Administration decides to retain bollards behind Bell Center

After the master planning meeting on Feb. 5, Dennis Ahlburg, president of Trinity University, and Gary Logan, associate vice president for finance and administration, made the final decision to maintain the bollards blocking traffic behind the William H. Bell Center erect.

The Association of Student Representatives issued a resolution in October requesting the removal of the bollards blocking vehicle traffic behind the Bell Center, sparking campus discussion. This was the first time ASR had issued a resolution in three years.

“ASR had initially passed a resolution at the end of October [requesting the removal of the bollards] and that resolution went to the traffic and parking committee and was unanimously passed,” said Sean Solis, vice president of ASR. “The traffic and parking committee is composed of three ASR senators, three faculty senators and three administrators.”

After passing through the traffic and parking committee, the resolution went on to the university’s master planning committee, composed of Trinity faculty and staff.

“That committee unanimously voted to keep the bollards in place, and their reasoning was that it provided a more pedestrian-friendly campus,” Solis said. “My counter-argument was that it would be better to have speed bumps and/or stop signs in that area to slow down cars but to not entirely keep cars out of that area.”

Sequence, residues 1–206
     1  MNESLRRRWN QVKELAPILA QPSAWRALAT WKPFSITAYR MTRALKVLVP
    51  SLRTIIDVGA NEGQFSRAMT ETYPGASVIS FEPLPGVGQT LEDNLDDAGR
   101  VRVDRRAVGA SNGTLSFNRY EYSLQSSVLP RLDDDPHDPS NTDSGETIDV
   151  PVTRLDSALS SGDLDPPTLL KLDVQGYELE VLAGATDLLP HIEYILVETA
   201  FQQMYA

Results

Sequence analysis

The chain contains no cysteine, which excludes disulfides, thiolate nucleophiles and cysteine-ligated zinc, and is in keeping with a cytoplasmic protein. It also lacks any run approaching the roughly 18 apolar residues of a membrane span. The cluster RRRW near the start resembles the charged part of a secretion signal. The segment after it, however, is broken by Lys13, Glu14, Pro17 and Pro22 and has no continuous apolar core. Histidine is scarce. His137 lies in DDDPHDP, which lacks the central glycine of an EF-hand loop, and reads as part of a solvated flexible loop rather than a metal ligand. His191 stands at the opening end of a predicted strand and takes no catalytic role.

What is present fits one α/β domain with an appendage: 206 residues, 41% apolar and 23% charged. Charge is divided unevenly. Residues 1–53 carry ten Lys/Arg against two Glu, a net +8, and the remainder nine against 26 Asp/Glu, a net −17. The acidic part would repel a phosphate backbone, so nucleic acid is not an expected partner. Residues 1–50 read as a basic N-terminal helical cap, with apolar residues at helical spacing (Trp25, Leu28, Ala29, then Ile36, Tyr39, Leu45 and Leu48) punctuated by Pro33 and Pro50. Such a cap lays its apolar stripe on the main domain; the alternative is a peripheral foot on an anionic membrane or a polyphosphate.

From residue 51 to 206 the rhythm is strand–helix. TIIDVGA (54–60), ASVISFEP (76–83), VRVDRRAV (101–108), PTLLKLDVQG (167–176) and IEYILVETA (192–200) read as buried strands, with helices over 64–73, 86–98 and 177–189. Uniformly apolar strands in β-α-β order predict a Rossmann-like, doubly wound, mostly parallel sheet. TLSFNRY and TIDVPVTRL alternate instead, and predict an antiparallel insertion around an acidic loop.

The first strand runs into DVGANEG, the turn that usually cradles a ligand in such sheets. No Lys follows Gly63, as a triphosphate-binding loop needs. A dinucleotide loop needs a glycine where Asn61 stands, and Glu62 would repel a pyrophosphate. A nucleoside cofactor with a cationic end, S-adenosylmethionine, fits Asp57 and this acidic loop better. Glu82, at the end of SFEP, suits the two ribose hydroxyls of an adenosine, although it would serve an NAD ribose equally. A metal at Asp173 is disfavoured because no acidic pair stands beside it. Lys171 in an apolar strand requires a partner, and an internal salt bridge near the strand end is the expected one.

The Trinitonian also conducted an online poll, asking site visitors, “Do you think Trinity should remove the poles blocking the Bell Center?” 264 viewers voted “yes,” 17 voted “no” and 19 voted “I don’t care.”

According to Logan, keeping the bollards permanently in place is a small step toward a larger change of the campus environment.

“The administration has developed guiding principles for developing our facilities master plan in conjunction with our current strategic planning efforts,” Logan said in an email correspondence. “One of those guiding principles is a desire to make lower campus more pedestrian friendly. The bollards were added as a first step in that direction.”

At the master planning meeting, administration discussed the future of Trinity’s campus pertaining to the physical landscape on both upper and lower campus. Although there has been student opposition to the bollards, Logan believes that their placement is beneficial to the campus community.

“There was a time when the central mall area on upper campus was a road and parking lot.  We believe overall campus life was substantially improved by the changes in upper campus and believe, over time, the changes in lower campus can have a similarly positive impact on campus life,” Logan said. “ But such changes are often not seen as positive changes at the time they are made.”

Logan and John Greene, director of facilities services, are set to attend the ASR meeting at 8 p.m. Tuesday, Mar. 5 in upstairs Coates. All ASR meetings are open to the public, and students are encouraged to attend. “I greatly appreciate ASR’s input and process,” Logan said. “It sparked a healthy debate which is always good for our campus community.”